The decade of the 1980s was the golden era for the National Football League’s NFC East division.
Actually, the division’s dominance extended into the 1990s when the re-purposed Dallas Cowboys, who deposed head coach Tom Landry after the 1988 season and hired University of Miami head coach Jimmy Johnson in 1989, won three Super Bowls between 1992 and 1995.
The 1995 Cowboys won the Super Bowl under head coach Barry Switzer, who was essentially window dressing. Dallas, a well-oiled machine behind a monster offensive line and a vaunted defense, was on auto pilot and went on to beat the Pittsburgh Steelers in the Big Game.
Since then, the NFC East has become the NFC Least.
Sure, the New York Giants were “accidental” NFL champions in 2007 and 2011. And, in 2017, the Philadelphia Eagles eased the pain of numerous post-season disappointments of the past by laying claim to their first Super Bowl title in 2017 behind a backup quarterback.
In 1981, Joe Gibbs was hired on as the Washington Redskins head coach to turn around a franchise that had been lagging behind after the phenomenal show put on by the Over the Hill Gang in the early and mid-1970s.
Washington was a proud organization, and tried to live up to its name as the true America’s Team, seated firmly in the capital of the United States, Washington, D.C.
Emboldened by the NFC East’s trademark strength, the offensive line and a punishing running game, Washington won three Super Bowls between 1982 and 1991.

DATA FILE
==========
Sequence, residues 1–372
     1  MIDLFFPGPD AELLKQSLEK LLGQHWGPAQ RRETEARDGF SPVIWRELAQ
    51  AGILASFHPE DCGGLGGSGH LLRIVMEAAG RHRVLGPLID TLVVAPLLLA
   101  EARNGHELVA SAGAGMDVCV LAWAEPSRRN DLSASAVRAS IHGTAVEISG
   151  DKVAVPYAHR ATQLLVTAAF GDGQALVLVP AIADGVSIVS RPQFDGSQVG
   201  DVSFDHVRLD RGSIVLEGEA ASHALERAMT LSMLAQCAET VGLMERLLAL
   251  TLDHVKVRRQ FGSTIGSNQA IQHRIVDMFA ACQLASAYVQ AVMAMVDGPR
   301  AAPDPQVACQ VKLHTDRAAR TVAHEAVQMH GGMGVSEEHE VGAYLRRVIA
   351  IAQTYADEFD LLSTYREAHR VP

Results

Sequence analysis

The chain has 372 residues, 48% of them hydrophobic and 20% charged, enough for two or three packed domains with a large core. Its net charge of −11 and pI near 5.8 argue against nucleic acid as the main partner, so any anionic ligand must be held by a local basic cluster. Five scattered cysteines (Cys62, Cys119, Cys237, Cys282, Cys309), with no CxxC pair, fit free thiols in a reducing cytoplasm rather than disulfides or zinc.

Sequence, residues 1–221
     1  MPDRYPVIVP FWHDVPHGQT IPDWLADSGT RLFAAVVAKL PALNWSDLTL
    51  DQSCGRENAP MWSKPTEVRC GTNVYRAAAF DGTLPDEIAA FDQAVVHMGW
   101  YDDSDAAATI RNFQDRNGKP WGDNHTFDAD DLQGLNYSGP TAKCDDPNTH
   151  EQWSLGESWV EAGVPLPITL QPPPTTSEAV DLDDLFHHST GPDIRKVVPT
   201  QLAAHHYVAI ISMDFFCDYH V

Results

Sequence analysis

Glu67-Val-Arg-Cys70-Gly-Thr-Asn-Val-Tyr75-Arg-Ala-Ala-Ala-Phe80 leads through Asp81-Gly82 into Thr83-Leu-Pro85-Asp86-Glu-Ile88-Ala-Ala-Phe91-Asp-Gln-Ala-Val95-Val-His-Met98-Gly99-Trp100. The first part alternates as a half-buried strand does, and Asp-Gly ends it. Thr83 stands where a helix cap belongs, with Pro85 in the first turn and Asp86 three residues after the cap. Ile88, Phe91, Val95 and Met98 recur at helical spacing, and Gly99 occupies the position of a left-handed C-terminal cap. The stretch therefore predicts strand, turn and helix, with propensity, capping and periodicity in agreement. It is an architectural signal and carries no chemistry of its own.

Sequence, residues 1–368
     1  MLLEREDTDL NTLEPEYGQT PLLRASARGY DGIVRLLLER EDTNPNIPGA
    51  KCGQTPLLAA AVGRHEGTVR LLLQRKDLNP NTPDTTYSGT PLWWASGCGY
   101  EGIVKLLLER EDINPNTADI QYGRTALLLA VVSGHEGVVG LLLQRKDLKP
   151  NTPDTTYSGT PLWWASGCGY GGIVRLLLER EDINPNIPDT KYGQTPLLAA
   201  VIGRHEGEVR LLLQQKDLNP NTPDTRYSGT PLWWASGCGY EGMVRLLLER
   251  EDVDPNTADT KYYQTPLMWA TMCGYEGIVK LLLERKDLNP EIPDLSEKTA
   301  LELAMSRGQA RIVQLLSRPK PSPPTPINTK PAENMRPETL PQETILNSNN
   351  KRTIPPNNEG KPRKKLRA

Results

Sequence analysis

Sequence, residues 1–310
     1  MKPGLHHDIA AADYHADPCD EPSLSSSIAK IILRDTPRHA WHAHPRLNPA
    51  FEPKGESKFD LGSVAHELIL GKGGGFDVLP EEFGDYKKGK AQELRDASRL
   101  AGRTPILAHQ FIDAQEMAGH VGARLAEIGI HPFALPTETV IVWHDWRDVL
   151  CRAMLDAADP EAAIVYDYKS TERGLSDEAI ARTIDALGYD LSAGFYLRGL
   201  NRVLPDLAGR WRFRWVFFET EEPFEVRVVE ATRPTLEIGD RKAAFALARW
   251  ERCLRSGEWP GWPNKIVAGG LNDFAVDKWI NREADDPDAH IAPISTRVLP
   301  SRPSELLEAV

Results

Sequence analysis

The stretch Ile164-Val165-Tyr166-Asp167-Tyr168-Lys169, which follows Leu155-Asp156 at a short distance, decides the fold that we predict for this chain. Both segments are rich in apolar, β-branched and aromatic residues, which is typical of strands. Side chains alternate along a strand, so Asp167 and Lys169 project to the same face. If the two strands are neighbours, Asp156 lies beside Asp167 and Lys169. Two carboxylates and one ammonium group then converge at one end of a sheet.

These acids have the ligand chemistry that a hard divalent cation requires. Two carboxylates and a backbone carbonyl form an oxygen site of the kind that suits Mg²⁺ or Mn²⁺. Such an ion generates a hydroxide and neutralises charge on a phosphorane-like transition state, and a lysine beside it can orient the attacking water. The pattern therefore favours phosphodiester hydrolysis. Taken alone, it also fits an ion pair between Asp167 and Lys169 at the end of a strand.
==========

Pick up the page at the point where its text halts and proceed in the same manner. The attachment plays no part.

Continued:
Meanwhile, when Washington was down, the New York Giants emerged as the Beast of the East, winning Super Bowl championships in 1986 and 1990.
In all, the NFC East claimed eight NFL titles in a span of 14 seasons. Washington and Dallas each won three Super Bowls. The Giants won a pair.
The power shift in the NFL that began in the latter part of the 1990s was a sign of the times. The game changed, especially in the 2000s when Tom Brady became the face of the league and the New England Patriots became the new America’s Team.
The NFL has become defined by personalities, not teams – entertainment, not competition. Even though sports leagues are composed of teams, it’s individuals – promoted by the leagues in order to maximize fan bases, bring in ridiculous amounts of revenue and, perhaps most importantly, promote the league by encouraging cities to fund the construction of new stadiums for billionaire owners, whose ownership of teams is merely window dressing and not the reason they became billionaires.
The NFC East is in shambles. The New York Giants are abysmal. Washington doesn’t even have a name. The Cowboys and Eagles are in the playoffs but probably don’t stand a chance when compared to teams like Green Bay and, yes, the Tom Brady Buccaneers.
Like Bogart said in Casablanca, “We’ll always have the ’80s.”
Lee Goodwin writes about sports for Local.News. His column, “Sports Focus,” appears Fridays.